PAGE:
Line in the Sand: A Historical Study of Border Security During Insurgencies and Lessons for the Contemporary Afghan-Pakistan Frontier [open pdf - 1MB]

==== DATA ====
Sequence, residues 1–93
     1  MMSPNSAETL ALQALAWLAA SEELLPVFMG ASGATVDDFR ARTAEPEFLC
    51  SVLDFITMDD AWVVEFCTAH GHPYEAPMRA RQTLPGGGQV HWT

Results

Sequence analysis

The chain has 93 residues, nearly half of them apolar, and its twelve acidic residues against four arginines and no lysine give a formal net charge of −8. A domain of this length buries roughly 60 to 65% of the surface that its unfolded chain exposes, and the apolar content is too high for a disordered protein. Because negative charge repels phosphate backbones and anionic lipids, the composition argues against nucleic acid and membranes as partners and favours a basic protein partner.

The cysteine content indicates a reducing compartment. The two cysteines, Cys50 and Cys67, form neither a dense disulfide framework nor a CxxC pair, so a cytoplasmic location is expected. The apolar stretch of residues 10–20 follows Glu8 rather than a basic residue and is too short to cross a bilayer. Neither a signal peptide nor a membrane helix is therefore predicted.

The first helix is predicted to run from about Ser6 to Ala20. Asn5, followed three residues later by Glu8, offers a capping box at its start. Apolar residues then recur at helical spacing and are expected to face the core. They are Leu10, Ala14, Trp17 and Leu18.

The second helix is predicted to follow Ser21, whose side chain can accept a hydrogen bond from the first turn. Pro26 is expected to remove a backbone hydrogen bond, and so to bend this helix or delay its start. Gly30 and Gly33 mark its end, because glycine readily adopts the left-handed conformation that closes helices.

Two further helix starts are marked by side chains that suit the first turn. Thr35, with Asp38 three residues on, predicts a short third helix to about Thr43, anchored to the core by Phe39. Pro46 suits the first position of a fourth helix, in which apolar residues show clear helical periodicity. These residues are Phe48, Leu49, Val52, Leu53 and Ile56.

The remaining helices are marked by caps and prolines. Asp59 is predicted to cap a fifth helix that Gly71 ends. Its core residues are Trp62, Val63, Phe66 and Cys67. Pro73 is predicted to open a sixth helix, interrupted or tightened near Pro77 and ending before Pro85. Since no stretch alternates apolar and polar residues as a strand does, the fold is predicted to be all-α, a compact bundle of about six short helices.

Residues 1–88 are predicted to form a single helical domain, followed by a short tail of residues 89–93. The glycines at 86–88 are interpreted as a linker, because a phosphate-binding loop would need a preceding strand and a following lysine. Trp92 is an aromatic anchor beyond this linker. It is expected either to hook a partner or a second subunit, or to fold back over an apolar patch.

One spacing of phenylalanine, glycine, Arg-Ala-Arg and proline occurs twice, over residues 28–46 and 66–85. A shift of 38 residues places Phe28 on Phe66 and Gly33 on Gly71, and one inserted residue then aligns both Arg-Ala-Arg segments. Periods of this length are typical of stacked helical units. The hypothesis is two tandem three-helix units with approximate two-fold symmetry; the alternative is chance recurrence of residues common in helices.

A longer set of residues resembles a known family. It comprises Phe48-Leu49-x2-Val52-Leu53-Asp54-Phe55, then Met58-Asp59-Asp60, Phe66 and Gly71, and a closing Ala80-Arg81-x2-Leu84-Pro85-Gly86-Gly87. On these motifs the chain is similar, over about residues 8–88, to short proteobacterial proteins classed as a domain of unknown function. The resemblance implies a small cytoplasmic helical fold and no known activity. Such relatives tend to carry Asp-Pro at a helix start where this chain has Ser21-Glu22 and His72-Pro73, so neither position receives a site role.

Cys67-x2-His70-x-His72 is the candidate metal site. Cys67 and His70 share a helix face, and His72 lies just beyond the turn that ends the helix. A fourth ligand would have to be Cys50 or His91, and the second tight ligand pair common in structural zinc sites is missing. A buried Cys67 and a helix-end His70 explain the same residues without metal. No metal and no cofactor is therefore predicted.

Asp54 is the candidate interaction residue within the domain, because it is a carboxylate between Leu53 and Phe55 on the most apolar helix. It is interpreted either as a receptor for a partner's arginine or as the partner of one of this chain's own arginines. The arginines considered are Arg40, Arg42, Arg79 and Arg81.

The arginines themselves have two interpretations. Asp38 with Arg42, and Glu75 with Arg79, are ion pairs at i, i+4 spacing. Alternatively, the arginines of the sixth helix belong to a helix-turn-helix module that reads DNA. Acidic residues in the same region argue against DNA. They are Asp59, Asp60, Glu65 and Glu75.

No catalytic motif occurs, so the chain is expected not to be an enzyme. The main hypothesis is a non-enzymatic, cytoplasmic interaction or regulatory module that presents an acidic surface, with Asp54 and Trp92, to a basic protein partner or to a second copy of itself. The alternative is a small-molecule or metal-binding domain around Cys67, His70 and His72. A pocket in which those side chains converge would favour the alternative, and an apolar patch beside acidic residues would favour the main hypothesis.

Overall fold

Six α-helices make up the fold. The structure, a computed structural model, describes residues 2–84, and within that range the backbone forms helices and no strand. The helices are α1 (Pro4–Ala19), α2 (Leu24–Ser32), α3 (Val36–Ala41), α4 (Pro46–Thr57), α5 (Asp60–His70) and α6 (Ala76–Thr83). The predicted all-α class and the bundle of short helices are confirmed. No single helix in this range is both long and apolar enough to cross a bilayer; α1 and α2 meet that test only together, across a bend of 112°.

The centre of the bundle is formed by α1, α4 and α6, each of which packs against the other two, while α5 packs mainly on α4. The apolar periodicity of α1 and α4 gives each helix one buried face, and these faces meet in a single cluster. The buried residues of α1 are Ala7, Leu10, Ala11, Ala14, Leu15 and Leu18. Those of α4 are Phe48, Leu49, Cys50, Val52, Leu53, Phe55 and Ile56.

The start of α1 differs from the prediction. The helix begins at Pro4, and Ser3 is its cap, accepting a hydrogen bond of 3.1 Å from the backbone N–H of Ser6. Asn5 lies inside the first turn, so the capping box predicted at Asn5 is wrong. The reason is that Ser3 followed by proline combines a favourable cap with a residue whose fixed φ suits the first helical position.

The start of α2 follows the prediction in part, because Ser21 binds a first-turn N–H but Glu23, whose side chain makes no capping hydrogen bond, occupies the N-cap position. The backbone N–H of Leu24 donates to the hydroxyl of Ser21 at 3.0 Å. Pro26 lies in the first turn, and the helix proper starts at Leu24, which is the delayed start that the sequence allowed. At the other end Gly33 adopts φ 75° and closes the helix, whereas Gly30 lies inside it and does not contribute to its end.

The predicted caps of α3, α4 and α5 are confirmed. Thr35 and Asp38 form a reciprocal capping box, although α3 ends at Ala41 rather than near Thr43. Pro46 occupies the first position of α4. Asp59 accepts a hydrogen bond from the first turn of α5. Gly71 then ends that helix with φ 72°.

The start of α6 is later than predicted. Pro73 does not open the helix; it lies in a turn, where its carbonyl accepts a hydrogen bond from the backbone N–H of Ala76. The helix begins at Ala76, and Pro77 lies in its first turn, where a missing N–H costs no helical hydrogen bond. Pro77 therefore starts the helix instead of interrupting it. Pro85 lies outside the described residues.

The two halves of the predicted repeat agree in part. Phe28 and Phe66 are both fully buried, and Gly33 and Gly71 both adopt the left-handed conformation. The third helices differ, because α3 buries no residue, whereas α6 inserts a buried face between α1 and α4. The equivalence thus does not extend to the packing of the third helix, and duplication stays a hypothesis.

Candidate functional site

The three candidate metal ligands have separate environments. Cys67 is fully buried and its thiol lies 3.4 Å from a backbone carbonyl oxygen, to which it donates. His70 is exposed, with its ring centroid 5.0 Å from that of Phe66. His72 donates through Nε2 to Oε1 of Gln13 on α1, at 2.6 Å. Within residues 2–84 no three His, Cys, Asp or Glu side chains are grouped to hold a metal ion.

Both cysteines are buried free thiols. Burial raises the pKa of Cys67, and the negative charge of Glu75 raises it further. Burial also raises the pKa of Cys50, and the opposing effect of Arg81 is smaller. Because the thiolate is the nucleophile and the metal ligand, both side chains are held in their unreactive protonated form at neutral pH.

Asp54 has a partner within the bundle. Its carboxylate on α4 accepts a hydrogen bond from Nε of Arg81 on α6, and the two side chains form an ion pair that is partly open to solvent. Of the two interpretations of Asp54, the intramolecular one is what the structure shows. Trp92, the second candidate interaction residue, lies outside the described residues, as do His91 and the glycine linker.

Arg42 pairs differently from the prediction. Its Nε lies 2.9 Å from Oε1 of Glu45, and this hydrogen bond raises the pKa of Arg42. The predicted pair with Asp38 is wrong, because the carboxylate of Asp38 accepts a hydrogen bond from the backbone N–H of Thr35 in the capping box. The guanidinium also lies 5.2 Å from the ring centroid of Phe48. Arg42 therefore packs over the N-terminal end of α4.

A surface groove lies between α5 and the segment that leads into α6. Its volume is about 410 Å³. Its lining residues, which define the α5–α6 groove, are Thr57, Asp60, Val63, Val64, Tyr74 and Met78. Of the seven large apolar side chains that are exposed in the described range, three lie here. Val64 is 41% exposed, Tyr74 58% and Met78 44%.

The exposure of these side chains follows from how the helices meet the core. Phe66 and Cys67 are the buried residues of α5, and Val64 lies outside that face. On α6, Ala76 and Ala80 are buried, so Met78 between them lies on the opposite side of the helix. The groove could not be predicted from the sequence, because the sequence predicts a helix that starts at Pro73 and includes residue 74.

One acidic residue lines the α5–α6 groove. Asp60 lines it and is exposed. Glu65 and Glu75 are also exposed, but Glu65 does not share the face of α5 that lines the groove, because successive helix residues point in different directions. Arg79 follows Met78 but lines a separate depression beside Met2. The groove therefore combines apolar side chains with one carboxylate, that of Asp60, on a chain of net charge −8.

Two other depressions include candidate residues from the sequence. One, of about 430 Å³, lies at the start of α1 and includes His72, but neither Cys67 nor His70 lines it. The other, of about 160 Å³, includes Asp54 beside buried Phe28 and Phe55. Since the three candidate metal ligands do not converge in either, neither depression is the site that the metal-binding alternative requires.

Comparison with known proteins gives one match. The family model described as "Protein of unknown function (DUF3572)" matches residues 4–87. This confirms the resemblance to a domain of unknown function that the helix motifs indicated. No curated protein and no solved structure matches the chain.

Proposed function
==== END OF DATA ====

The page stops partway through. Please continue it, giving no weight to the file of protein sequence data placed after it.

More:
From the thesis abstract: "There is increasing consensus amongst those nations engaged in the stabilisation and reconstruction of Afghanistan that Taliban sanctuaries in the ungoverned border regions of Pakistan are central to the insurgency in both countries. Two individual or complementary means of countering this problem include the denial of sanctuary in Pakistan and improving border security between the two countries. This paper examines the border security measures used in three historical insurgencies: Algeria (1954-62), Dhofar (1968-75) and Rhodesia (1965-80). The study applies the methods and lessons from these historical examples to the contemporary Afghan-Pakistan border. Using this framework, the author attempts to support the thesis that traditional methods of border security, even with the use of modern technology, are not applicable to the Afghan-Pakistan border. Furthermore, attempts at obtaining such control would prove counterproductive to this counterinsurgency. The analysis focuses on physical barriers, population resettlement, external action, tribal or auxiliary forces and in-depth interdiction. The study finds that barriers and population resettlement are impractical for use in Afghanistan and likely to result in adverse consequences at the strategic level. The other measures have varying degrees of utility and applicability. The author concludes that a high degree of border control is unachievable along the Afghan-Pakistan border and suggests that border security should remain an economy of effort within the overall campaign. If these findings are accepted, it implies that the U.S. led Coalition should resist calls to concentrate on the border and, instead, strengthen security in the interior of Afghanistan and Pakistan."
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